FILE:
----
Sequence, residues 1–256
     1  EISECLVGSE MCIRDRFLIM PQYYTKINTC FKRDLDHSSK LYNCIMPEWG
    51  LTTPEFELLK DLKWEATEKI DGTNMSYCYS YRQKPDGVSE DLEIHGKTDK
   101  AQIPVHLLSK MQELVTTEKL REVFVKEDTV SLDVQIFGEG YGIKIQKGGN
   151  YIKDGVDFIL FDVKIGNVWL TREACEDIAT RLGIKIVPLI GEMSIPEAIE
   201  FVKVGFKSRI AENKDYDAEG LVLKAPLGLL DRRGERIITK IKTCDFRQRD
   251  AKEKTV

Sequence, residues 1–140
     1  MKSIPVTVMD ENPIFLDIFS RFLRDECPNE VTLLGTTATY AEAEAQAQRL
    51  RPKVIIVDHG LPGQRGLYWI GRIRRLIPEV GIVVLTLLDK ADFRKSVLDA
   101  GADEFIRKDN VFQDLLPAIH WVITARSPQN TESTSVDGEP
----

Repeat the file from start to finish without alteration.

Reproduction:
Sequence, residues 1–256
     1  EISECLVGSE MCIRDRFLIM PQYYTKINTC FKRDLDHSSK LYNCIMPEWG
    51  LTTPEFELLK DLKWEATEKI DGTNMSYCYS YRQKPDGVSE DLEIHGKTDK
   101  AQIPVHLLSK MQELVTTEKL REVFVKEDTV SLDVQIFGEG YGIKIQKGGN
   151  YIKDGVDFIL FDVKIGNVWL TREACEDIAT RLGIKIVPLI GEMSIPEAIE
   201  FVKVGFKSRI AENKDYDAEG LVLKAPLGLL DRRGERIITK IKTCDFRQRD
   251  AKEKTV

Sequence, residues 1–140
     1  MKSIPVTVMD ENPIFLDIFS RFLRDECPNE VTLLGTTATY AEAEAQAQRL
    51  RPKVIIVDHG LPGQRGLYWI GRIRRLIPEV GIVVLTLLDK ADFRKSVLDA
   101  GADEFIRKDN VFQDLLPAIH WVITARSPQN TESTSVDGEP